Florida Supreme Court Rules Against Large Insurance Company
On July 13, 2017, the Florida Supreme Court reviewed a decision from the First District Court of Appeals in Government Employees Insurance Co. v. Macedo, 190 So. 3d 1155 (Fla. 1st DCA 2016). Attorneys Angela Rodante, Dale Swope, Stephanie Miles, and Darrell Hinson fought the case all the way up to the Court, who ruled for our client, the consumer.
Imagine you’ve been in a wreck that is probably your fault, and the other person is hurt. You feel terrible for them, but at least you feel like you are in good hands, legally, because you have bought insurance from one of the largest corporations in the world. They promised to be on your side, and to treat you like a good neighbor if this ever happened, because it’s what they do.
You read the insurance policy and it tells you that you are prohibited from making offers to settle or otherwise getting involved in the claims process. You are supposed to just trust the insurance company you hired for this purpose and so you do. They appoint one of their lawyers/employees to be your lawyer and you sit back to relax, relying on this team of claims professionals that you have paid for, through your premium dollars.
At trial, the verdict is for more than your insurance limit, which means you will now have to pay out of your pocket. Then you find out that during the case, the injured person offered to settle for less than your insurance limit, and the insurance company said no – putting your assets at risk.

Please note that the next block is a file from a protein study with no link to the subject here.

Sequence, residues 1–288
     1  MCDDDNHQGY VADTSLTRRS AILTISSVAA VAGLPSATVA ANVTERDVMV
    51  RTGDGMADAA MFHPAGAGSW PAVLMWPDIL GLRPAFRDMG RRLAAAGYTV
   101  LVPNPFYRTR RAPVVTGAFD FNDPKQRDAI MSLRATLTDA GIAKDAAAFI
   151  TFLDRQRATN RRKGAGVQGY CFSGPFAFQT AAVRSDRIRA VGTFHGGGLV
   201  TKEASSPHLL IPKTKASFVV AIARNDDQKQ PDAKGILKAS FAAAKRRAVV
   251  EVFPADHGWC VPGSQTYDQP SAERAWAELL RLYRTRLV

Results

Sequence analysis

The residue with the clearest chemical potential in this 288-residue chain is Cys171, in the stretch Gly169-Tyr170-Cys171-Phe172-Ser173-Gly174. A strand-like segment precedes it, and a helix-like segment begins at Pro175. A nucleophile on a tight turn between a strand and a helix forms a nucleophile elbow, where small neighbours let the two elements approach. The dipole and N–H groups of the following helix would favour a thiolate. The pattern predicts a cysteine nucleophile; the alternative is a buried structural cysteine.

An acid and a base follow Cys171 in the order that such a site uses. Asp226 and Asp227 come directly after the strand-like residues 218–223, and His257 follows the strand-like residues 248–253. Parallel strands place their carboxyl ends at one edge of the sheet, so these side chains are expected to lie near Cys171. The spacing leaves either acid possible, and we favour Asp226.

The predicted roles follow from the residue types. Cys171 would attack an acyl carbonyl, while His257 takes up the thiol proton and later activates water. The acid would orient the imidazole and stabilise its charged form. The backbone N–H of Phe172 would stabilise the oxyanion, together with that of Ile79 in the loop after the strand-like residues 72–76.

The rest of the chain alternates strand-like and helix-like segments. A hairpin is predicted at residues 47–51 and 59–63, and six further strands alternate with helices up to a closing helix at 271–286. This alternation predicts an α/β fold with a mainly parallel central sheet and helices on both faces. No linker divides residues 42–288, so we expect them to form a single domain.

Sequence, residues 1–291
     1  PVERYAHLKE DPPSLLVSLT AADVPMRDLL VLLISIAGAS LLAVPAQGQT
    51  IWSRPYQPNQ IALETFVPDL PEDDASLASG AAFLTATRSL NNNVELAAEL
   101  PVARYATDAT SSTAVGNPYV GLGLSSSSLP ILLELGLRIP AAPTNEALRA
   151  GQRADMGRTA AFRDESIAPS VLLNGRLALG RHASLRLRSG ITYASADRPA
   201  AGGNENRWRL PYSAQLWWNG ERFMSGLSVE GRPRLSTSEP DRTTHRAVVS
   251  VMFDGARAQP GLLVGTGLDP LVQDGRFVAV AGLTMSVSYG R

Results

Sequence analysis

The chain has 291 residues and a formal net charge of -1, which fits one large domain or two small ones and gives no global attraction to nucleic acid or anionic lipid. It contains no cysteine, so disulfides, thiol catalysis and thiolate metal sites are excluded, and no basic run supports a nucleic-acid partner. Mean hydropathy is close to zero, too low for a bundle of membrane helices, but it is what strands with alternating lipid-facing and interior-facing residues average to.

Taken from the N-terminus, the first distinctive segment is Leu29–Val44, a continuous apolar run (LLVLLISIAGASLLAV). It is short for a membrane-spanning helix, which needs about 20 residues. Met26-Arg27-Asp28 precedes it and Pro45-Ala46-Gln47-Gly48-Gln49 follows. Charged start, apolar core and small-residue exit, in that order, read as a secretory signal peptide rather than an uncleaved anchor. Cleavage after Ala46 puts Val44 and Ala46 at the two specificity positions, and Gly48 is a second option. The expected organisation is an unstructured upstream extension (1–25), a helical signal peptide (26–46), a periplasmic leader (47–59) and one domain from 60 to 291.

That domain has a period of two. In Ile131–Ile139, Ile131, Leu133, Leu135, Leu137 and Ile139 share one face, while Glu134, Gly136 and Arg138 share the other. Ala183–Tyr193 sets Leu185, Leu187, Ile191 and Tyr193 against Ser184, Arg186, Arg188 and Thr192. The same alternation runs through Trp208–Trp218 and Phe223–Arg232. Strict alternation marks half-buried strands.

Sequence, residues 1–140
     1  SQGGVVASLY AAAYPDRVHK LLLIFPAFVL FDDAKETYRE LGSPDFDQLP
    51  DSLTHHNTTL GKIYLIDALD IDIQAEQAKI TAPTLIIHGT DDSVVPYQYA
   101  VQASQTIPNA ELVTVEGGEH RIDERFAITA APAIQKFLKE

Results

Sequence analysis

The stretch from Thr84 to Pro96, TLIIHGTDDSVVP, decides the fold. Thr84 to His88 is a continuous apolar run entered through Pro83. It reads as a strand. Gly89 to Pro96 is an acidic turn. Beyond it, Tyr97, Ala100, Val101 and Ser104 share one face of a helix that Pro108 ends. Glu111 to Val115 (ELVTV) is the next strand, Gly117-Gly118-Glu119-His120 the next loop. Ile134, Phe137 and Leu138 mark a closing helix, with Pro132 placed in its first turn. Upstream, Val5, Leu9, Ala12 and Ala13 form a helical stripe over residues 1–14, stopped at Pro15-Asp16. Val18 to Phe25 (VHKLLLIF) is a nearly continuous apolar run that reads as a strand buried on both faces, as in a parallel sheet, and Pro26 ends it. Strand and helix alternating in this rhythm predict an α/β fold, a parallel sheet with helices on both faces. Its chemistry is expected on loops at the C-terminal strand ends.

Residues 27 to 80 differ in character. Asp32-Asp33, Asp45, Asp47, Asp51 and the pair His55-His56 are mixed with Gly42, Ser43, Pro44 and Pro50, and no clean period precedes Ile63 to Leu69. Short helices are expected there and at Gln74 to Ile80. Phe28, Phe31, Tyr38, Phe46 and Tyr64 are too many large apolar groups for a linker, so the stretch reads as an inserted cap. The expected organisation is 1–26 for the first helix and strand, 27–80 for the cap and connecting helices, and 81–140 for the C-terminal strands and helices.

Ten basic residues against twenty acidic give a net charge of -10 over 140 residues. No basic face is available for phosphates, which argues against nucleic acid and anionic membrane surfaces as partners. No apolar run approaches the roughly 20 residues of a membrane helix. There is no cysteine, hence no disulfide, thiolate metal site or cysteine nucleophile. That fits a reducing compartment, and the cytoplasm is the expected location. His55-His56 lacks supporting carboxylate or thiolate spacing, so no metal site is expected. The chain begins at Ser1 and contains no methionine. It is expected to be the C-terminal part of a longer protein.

Here is where it gets especially infuriating. You learn that the hurt person served a formal proposal to settle the case and since the verdict is more than 25% higher than the offer, under the law you now have to pay the attorneys’ fee of the other side. This is over a hundred thousand dollars!
You turn to your insurance company and say—Hey, you made the decision not to settle, not me. I had no say so in that matter, according to the terms of the policy. Now your risky decision has backfired, and now you want ME to pay for it?
“This is a victory for millions of insured Floridians who take to the road every day. Insurers cannot include ambiguous language in their contracts and use it to avoid coverage,” says Partner Dale Swope. “When insurers use terms such as ‘legal expenses’ in conjunction with ‘court costs’ and ‘all reasonable costs’ without actually defining them in the policy of course the policy should be construed to provide coverage for the costs and attorney’s fees awarded.”
Unfortunately most people don’t know about situations like this until it happens to them, when it does our attorneys are ready to help. Read details of this case here.